UofL lawsuit nearing ruling after accreditation expert testifies on possible impact of board revamp
09/15/2016 07:59 PM
FRANKFORT — A Franklin County judge says he will soon rule on Attorney General Andy Beshear’s lawsuit challenging Gov. Matt Bevin’s reorganization of the University of Louisville’s Board of Trustees following a four-hour court hearing on Thursday.
Both sides in the suit questioned Patricia Cormier, former president of Longwood University in Virginia and a former commissioner with the Southern Association of Colleges and Schools that handles UofL’s accreditation.
Cormier, who charged Beshear’s office up to $10,000 at $250 per hour for her expertise in college accreditation, was the lone witness called during Thursday’s hearing.
Bevin’s attorneys tried to quash Cormier’s testimony before she took the stand, arguing that the central issue of Beshear’s lawsuit is the legality of the governor’s moves, not the university’s accreditation. Franklin Circuit Judge Phillip Shepherd ultimately allowed her testimony.
Cormier faulted Bevin for speaking with ex-UofL President Jim Ramsey before he announced his decision to overhaul the university’s governing board, saying Ramsey should have spoken with trustees about potentially stepping down. Ramsey wrote Bevin a letter ahead of the governor’s June 17 press conference indicating that he would offer to resign or retire once a legal board was seated.
Cormier said she agreed with an Aug. 18 letter from SACS to acting UofL President Neville Pinto that the university appears to be out of compliance with three of the organization’s standards relating to presidential appointments and evaluations, improper external influence and board dismissals.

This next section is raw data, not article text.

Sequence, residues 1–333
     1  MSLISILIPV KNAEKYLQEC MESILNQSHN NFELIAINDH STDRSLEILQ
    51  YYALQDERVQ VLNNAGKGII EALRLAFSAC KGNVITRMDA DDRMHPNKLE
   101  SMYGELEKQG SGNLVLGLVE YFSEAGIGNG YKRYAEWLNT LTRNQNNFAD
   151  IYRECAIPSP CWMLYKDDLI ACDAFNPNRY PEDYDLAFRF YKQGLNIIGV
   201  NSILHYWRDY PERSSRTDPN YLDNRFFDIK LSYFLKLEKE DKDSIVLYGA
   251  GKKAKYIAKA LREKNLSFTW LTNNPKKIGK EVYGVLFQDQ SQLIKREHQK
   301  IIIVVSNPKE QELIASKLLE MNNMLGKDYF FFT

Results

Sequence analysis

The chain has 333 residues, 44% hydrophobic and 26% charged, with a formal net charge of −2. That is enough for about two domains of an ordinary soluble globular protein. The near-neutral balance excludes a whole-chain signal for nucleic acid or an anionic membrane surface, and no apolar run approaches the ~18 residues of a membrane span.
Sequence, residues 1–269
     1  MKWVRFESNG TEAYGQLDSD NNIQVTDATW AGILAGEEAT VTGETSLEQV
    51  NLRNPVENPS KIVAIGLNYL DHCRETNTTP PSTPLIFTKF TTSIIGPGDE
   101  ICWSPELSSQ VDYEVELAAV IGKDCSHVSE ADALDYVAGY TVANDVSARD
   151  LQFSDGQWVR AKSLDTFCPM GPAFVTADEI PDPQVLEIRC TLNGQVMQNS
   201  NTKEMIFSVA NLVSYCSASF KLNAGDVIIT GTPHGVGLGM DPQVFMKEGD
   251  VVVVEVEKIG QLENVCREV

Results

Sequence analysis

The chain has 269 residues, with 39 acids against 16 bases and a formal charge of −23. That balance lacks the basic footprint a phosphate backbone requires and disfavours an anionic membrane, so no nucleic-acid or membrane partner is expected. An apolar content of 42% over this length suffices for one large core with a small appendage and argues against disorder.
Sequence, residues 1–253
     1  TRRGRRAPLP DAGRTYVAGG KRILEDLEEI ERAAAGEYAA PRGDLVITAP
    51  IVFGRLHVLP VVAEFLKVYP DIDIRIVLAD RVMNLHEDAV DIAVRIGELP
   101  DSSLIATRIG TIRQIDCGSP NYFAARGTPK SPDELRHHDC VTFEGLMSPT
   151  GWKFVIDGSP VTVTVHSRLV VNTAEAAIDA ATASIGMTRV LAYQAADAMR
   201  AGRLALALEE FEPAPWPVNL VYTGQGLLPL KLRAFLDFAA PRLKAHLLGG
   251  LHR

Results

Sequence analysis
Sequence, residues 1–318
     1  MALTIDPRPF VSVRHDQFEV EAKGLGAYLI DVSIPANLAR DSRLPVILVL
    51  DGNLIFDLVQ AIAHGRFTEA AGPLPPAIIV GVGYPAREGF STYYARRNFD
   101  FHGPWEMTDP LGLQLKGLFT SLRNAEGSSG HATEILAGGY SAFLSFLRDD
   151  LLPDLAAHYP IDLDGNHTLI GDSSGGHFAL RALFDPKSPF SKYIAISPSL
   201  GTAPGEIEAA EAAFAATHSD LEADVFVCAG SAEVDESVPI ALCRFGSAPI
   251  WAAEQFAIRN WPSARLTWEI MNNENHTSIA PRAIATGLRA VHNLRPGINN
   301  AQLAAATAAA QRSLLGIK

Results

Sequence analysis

“In my view, the governor inserted himself in a process over which he does not have authority,” she said, adding that trustees have “the ability to hire, to evaluate and to fire a president.”
“Only the board can do that,” she continued. “Nobody else can do that.”
But Steve Pitt, Bevin’s general counsel, noted that Ramsey didn’t offer his resignation to the governor, but rather to the newly appointed board on July 27. Shepherd issued a temporary order July 29 that reinstated the former UofL Board of Trustees until his decision.
Pitt, who argued that state law gives the governor authority to reorganize university boards, also noted that South Carolina State University, which was under SACS sanction at the time, kept its accreditation after South Carolina lawmakers replaced the entire governing board last year.
Under cross-examination by Pitt, Cormier said that Ramsey didn’t need to speak with trustees before discussing his future with Bevin but should have.
“A university president could go to his or her minister, they could go to his or her wife or husband, they could go to friends, the could go to the governor, and they could say, ‘What would you think about me retiring or resigning? I’m trying to make my mind up,’” Pitt said. “Would there be anything wrong with that?”
“No,” Cormier said. “No.”
Shepherd gave both sides until Wednesday to file briefs in the suit, saying that he would issue a ruling soon afterward.
Following Thursday’s hearing, Pitt said he expected the lawsuit would be settled by the Kentucky Supreme Court before any action by SACS.
“Or else the legislature’s going to come in in the January session and go ahead and codify that governor’s executive order reorganizing the board anyway,” said Pitt, who declined to speculate on whether the state’s House of Representatives, if it remains in Democratic hands after this year’s election cycle, would go along with approving Bevin’s UofL reorganization.
While Pitt said the case ultimately boils down to the governor’s authority to reorganize university boards, Beshear told reporters that UofL’s accreditation should be a focal point as well.
“It threatens all the students at the University of Louisville because the loss of accreditation means the loss of their federal financial aid, and for the governor to stick his head in the sand and pretend this issue doesn’t exist is not responsible,” Beshear said.
“It’s time for the governor to realize that he caused maybe unforeseen consequences and to roll back his executive orders because there are some real issues here at stake,” he added. “There’s some real harm that may be done, and we need to move forward with the university and not put those students at risk.”
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